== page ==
Researchers track pollution generated abroad for Swedish goods

This aerial photo taken on March 3, 2018 shows a protected area of the Rawa Singkil wildlife reserve as part of the Leuser Ecosystem in Trumon, South Aceh, which is being burnt in preparation for the opening of a new palm oil plantation. This is one of the effects of consumption in Sweden as in other countries. (Januar/AFP/Getty Images)
For the first time scientists have delivered a way to make sure that Sweden doesn’t simply export its pollution to other countries, in a report seen exclusively by Radio Sweden before its release Thursday morning.

Martin Persson is one of the researchers who’s worked on the report, he’s at Chalmers Technical College. He says that they have now developed methods that can track how consumption in Sweden affects the rest of the world.

This will enable Sweden to reach its so-called generation goal. This is one of the environmental goals agreed by the parliament in 2015. It says that the next generation should not have to inherit a society plagued by major environmental problems – and that Sweden should reach this goal without causing ecological problems in other countries.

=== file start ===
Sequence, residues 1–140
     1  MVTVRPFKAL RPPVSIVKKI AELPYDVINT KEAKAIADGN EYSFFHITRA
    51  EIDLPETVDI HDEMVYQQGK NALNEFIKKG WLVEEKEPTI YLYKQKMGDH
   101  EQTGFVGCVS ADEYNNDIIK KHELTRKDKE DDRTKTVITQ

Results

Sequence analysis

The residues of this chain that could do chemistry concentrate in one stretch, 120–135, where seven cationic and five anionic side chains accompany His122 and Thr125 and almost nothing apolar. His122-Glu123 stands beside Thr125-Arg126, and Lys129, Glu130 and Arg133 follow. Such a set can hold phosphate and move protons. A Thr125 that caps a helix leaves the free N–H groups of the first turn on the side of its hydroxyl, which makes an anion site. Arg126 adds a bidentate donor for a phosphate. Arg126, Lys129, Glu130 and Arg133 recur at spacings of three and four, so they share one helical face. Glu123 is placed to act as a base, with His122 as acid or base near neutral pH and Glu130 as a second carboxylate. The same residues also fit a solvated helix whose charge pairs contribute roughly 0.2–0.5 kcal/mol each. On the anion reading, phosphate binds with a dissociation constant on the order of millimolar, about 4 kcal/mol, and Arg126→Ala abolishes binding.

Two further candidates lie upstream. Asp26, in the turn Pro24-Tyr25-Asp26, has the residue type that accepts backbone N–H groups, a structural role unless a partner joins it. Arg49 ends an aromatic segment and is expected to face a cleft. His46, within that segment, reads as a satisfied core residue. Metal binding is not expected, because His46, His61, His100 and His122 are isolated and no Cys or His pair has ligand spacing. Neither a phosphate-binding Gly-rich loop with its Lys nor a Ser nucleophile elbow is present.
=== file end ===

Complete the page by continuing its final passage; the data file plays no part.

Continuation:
Some of the details the report reveals are that 80 percent of all dangerous substances due to Swedish consumption are emitted in other countries.

Related stories from around the North:

Canada: Treaty banning dangerous chemicals helped Arctic wildlife, study shows, CBC News

Finland: Increasing ocean acidification ushering era of uncertainty for Arctic, says report, Eye on the Arctic

Norway: Polar bears greatly exposed to toxic chemicals in eastern Barents Sea, The Independent Barents Observer

Russia: Russian Navy sends clean-up team to Arctic trash dump, The Independent Barents Observer

Sweden: Swedish mining company found not responsible for poisoning Chileans, Radio Sweden

United States: America’s most toxic site is in the Alaskan Arctic, Cryopolitics Blog

Loukas Christodoulou and Jonas Löfvenberg, Radio Sweden

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